“The Russians don’t make determinations about what our defense posture is. We have made a decision about what will be best to protect the American people as well as our troops in Europe and our allies,” Obama said.


“If the by-product of it is that the Russians feel a little less paranoid and are now willing to work more effectively with us to deal with threats like ballistic missiles from Iran or nuclear development in Iran, you know, then that’s a bonus.”


Obama last week announced that he would shelve plans to site parts of a missile defense shield in Poland and the Czech Republic, and instead deploy more mobile equipment targeting Iran’s short and medium-range missiles.








File photo of a Russian missile complex “Iskander” on display during a military equipment exhibition in the Siberian town of Nizhny Tagil (AFP photo)

The White House has denied it orchestrated a quid pro quo with Moscow by agreeing to halt work on the missile shield in a bid to win more cooperation on issues like Iran’s nuclear program.


But foreign policy experts are closely watching to see whether Moscow offers any concessions following the US decision, as both sides seek to “reset” a relationship plagued by Cold War-style rhetoric in recent years.


Russia has broadly welcomed the US move.


Prime Minister Vladimir Putin on Friday praised Obama’s action as “brave” but called for more US measures to lift Soviet-era restrictions on the export of high technology to Russia and to help its World Trade Organization membership bid.


Obama and Medvedev will meet on Wednesday on the sidelines of the UN General Assembly, with the Iranian nuclear showdown and joint efforts to agree cuts in strategic nuclear weapons also on the agenda.


The US president’s decision on the missile shield means that Washington will not now deploy an anti-missile radar in the Czech Republic or missile interceptors in Poland.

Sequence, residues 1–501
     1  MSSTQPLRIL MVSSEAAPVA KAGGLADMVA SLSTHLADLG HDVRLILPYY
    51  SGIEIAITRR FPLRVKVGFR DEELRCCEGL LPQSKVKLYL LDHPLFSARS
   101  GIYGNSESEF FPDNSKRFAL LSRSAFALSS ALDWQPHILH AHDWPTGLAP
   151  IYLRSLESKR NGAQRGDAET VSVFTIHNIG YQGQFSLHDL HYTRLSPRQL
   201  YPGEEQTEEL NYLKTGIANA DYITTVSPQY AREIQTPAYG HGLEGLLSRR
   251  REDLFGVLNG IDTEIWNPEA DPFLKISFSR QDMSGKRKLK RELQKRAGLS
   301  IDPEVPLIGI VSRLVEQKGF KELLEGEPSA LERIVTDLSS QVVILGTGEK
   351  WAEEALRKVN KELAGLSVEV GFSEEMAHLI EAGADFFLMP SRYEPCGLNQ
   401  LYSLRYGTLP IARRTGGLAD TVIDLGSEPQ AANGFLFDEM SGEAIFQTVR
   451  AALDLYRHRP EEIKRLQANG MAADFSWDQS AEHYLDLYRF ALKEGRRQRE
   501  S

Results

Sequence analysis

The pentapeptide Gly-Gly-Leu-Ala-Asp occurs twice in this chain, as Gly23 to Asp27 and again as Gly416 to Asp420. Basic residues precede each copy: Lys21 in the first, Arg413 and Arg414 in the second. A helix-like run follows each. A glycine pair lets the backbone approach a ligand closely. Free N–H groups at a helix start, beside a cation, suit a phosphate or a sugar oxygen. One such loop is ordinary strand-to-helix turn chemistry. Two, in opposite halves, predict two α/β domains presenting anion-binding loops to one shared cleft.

Obama reasoned that a slower than expected development path by Iran on long-range missiles meant that the prime threat to the United States and its allies now came from short and medium-range weapons.


Initially, the new system will see the US military deploy interceptors on ships then seek to deploy land-based technology in Europe from 2015.


Defense Secretary Robert Gates said Sunday that the previous system would not have been operational until at least 2017 at the earliest and insisted the shift provided “greater flexibility to adapt as new threats develop and old ones recede.”


“We are strengthening — not scrapping — missile defense in Europe,” he wrote in an opinion column in the New York Times.


US Secretary of State Hillary Clinton also defended the decision as “a stronger and smarter approach” in a opinion piece in the Financial Times.


“We are not ‘shelving’ missile defense. We are enhancing our capacity to protect our interests and our allies,” Clinton wrote.


“We are not walking away from our allies but are deploying a system that enhances allied security, advances our cooperation with NATO, and actually places more resources in more countries.”


The top US diplomat also repeated that “this decision was not about Russia.”


“It was about Iran and the threat that its ballistic missile programs continue to pose. And because of this decision, we will be in a far stronger position to deal with that threat, and to do so with technology that works.”


Source: SGGP